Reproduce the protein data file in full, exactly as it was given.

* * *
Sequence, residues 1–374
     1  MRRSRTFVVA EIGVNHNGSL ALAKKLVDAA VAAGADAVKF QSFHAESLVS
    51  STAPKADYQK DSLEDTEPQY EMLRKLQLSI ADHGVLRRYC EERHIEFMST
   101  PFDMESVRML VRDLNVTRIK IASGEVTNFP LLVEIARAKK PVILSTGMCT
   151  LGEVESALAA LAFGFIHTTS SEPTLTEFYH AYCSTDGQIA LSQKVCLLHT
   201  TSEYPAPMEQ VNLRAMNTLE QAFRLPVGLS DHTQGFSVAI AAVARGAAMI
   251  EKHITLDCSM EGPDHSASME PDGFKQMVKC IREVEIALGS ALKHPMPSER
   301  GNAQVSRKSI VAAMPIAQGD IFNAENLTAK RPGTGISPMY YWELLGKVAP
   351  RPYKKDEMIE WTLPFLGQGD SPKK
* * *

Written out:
Sequence, residues 1–374
     1  MRRSRTFVVA EIGVNHNGSL ALAKKLVDAA VAAGADAVKF QSFHAESLVS
    51  STAPKADYQK DSLEDTEPQY EMLRKLQLSI ADHGVLRRYC EERHIEFMST
   101  PFDMESVRML VRDLNVTRIK IASGEVTNFP LLVEIARAKK PVILSTGMCT
   151  LGEVESALAA LAFGFIHTTS SEPTLTEFYH AYCSTDGQIA LSQKVCLLHT
   201  TSEYPAPMEQ VNLRAMNTLE QAFRLPVGLS DHTQGFSVAI AAVARGAAMI
   251  EKHITLDCSM EGPDHSASME PDGFKQMVKC IREVEIALGS ALKHPMPSER
   301  GNAQVSRKSI VAAMPIAQGD IFNAENLTAK RPGTGISPMY YWELLGKVAP
   351  RPYKKDEMIE WTLPFLGQGD SPKK